In order to legally work in many job fields, professionals must undergo formal education as well as licensing and certification processes. Depending on the circumstances of the case, an impaired or intoxicated driving conviction could lead to denial, suspension, or revocation of a professional license. Many jobs require professional licensure. Examples include:
If you are a professional who has been charged with drunk or drugged driving, the first thing you need to do is contact an experienced DUI defense attorney. The best way to avoid any adverse actions to your license is to avoid a conviction. At the Barone Defense Firm, we practice OWI defense exclusively, and we have the experience and knowledge to help you obtain the best possible result in your case.
In Michigan, the Department of Licensing and Regulatory Affairs (LARA) oversees the licensing procedures for many of these professions. However, if you are found guilty of drunk or drugged driving, you may be required to report the conviction to your industry’s respective disciplinary or oversight board.
Physicians have a duty to report any criminal convictions to the Michigan Department of Licensing and Regulatory Affairs (LARA), which will review the circumstances of the charge and determine any appropriate disciplinary actions. An OWI conviction does not necessarily mean an automatic loss of license; however, you may be required to enroll in an intervention program and be subject to a period of monitoring.
If an attorney is found guilty of drunk or drugged driving, it is the duty of his or her legal counsel to report the conviction to the Attorney Grievance Commission (AGC) as well as the Attorney Discipline Board (ADB) within 14 days. Once notified, the AGC will conduct an investigation into the matter to determine what, if any, further action is warranted.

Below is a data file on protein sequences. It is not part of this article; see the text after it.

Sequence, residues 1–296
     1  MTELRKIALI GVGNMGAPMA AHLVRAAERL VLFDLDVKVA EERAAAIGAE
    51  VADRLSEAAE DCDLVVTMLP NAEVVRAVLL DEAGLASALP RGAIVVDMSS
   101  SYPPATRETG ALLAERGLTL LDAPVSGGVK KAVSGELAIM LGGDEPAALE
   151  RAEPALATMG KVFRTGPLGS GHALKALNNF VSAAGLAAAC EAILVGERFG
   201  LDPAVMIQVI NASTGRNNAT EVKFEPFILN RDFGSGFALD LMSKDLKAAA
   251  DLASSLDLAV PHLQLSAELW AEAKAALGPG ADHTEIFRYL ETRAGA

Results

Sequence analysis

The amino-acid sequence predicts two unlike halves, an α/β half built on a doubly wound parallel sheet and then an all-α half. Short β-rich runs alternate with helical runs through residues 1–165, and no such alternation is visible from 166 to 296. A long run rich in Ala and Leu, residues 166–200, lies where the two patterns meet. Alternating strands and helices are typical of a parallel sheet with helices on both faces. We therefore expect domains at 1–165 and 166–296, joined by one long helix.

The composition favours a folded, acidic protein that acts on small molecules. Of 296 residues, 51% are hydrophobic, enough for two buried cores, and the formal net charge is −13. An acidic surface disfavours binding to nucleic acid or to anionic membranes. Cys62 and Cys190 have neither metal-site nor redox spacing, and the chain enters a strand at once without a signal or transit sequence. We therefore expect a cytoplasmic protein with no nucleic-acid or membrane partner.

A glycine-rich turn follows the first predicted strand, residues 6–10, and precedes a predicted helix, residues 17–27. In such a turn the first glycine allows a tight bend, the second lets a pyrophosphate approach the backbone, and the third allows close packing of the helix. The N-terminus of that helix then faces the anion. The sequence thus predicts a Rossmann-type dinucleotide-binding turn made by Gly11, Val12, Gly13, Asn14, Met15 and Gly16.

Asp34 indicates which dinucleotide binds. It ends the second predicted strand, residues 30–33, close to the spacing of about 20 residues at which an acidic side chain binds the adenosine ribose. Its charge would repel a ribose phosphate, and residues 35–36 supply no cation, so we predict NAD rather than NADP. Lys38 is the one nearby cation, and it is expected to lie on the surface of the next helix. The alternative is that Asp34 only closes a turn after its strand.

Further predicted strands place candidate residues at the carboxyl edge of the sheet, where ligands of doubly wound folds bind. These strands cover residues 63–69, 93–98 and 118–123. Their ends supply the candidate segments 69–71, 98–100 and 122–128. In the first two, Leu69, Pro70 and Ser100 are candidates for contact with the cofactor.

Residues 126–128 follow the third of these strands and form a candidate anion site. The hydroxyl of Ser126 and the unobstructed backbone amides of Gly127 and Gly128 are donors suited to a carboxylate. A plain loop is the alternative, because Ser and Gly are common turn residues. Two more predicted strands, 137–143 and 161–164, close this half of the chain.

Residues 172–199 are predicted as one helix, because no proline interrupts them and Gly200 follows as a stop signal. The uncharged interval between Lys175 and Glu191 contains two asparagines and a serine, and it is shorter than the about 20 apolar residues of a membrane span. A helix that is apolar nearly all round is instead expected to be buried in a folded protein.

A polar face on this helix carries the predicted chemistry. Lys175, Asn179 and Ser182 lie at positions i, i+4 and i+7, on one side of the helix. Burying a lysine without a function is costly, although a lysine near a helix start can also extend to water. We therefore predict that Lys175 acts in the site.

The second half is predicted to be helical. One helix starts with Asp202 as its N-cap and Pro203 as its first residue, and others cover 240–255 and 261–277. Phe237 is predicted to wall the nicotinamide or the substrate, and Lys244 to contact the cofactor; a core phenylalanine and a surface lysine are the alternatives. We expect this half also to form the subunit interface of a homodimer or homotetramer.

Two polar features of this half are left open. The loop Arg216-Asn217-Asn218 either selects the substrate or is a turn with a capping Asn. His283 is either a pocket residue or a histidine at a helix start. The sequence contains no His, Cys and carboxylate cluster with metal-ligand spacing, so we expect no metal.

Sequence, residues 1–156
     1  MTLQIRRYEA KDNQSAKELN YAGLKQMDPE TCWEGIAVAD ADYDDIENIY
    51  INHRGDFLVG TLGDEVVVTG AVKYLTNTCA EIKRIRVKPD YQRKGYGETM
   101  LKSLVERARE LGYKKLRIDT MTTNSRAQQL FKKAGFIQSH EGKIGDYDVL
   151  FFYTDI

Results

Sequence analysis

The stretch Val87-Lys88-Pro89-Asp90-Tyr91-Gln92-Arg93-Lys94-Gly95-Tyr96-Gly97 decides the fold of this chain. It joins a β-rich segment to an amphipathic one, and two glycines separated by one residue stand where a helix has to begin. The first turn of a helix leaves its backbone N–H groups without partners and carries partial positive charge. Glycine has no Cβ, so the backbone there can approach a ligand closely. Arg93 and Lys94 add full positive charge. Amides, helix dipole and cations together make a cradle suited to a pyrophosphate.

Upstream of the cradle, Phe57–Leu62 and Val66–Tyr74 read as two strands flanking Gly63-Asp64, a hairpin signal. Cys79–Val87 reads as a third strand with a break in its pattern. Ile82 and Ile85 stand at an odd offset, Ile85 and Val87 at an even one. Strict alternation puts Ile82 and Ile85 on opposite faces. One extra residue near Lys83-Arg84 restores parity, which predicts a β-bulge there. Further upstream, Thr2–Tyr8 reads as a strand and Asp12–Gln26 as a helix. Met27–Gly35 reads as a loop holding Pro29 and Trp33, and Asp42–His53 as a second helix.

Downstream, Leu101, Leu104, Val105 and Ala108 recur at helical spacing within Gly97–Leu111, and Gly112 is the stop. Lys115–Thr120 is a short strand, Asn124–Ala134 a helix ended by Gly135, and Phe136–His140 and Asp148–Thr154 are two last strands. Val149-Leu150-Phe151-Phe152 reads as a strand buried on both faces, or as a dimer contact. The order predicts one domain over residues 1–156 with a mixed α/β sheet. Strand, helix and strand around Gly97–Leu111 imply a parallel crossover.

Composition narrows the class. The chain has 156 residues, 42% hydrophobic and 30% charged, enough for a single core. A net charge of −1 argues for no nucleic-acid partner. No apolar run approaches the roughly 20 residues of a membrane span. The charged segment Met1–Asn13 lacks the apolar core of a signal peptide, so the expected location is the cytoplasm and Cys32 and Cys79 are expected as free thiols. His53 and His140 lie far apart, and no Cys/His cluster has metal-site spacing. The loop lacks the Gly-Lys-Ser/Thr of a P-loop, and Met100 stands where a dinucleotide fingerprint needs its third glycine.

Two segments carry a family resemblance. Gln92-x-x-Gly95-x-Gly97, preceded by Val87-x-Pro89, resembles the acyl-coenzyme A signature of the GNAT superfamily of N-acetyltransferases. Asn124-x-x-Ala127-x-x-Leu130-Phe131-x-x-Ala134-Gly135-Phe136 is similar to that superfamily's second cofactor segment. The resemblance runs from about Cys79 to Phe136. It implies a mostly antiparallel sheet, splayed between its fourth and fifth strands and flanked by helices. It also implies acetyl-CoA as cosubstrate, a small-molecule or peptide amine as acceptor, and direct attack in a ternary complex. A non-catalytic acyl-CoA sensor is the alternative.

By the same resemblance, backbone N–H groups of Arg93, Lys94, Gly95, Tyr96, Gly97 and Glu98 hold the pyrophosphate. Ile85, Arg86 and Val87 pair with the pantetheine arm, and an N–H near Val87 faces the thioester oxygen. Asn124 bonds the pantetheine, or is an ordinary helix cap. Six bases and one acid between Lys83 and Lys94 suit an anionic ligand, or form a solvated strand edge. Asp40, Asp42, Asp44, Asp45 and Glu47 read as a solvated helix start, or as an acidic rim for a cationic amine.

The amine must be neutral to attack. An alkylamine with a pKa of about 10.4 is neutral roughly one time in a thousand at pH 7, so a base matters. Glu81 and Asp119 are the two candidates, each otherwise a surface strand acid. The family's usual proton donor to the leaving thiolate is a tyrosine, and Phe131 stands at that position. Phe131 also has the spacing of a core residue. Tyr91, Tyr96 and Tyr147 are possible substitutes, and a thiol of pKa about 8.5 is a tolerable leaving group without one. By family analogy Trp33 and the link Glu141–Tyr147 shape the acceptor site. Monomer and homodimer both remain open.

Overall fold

Based on the investigation and the circumstances surrounding the case, the Commission may file a complaint with the ADB, place the attorney on contractual probation, or dismiss the matter altogether.
The FAA requires licensed pilots to report all “motor vehicle actions” within 60 days of their occurrence. The FAA defines a motor vehicle action as any of the following:
In many cases, a first offense DUI/OWI will not result in a loss of license. Most licensing bodies are chiefly concerned with your character and ability to competently and safely carry out the duties of your job. If you are able to demonstrate that it was an isolated incident and a one-time mistake, you will likely not be in danger of license suspension or revocation. However, if it is determined that you have a substance abuse problem, you may be required to enroll in a diversion program or attend counseling or group therapy sessions.
On the other hand, if you have a history of impaired and intoxicated driving offenses, you could be in danger of disciplinary measures such as suspension or revocation of your professional license.
Most teachers employed in Michigan school districts are under contract. Very commonly, these contracts include “moral turpitude” clauses. In essence, a moral turpitude clause allows the district to take punitive action against you for conduct that, while not explicitly spelled out in the contract, would generally be frowned upon by parents, fellow teachers, and community members.
A drunk driving conviction would almost certainly be deemed a violation of the moral turpitude clause and could potentially lead to termination from the school district.
Under the Uniform Code of Military Justice, you may not be court-martialed for drunk driving if civilian authorities are already prosecuting you. However, your commanding officer may take administrative actions against you, regardless of the civilian charges you are facing. These administrative actions may include:
If you have been charged with impaired or intoxicated driving, contact the attorneys of the Barone Defense Firm. We can help ensure that all reporting requirements are met and that you receive the best possible outcome in your case.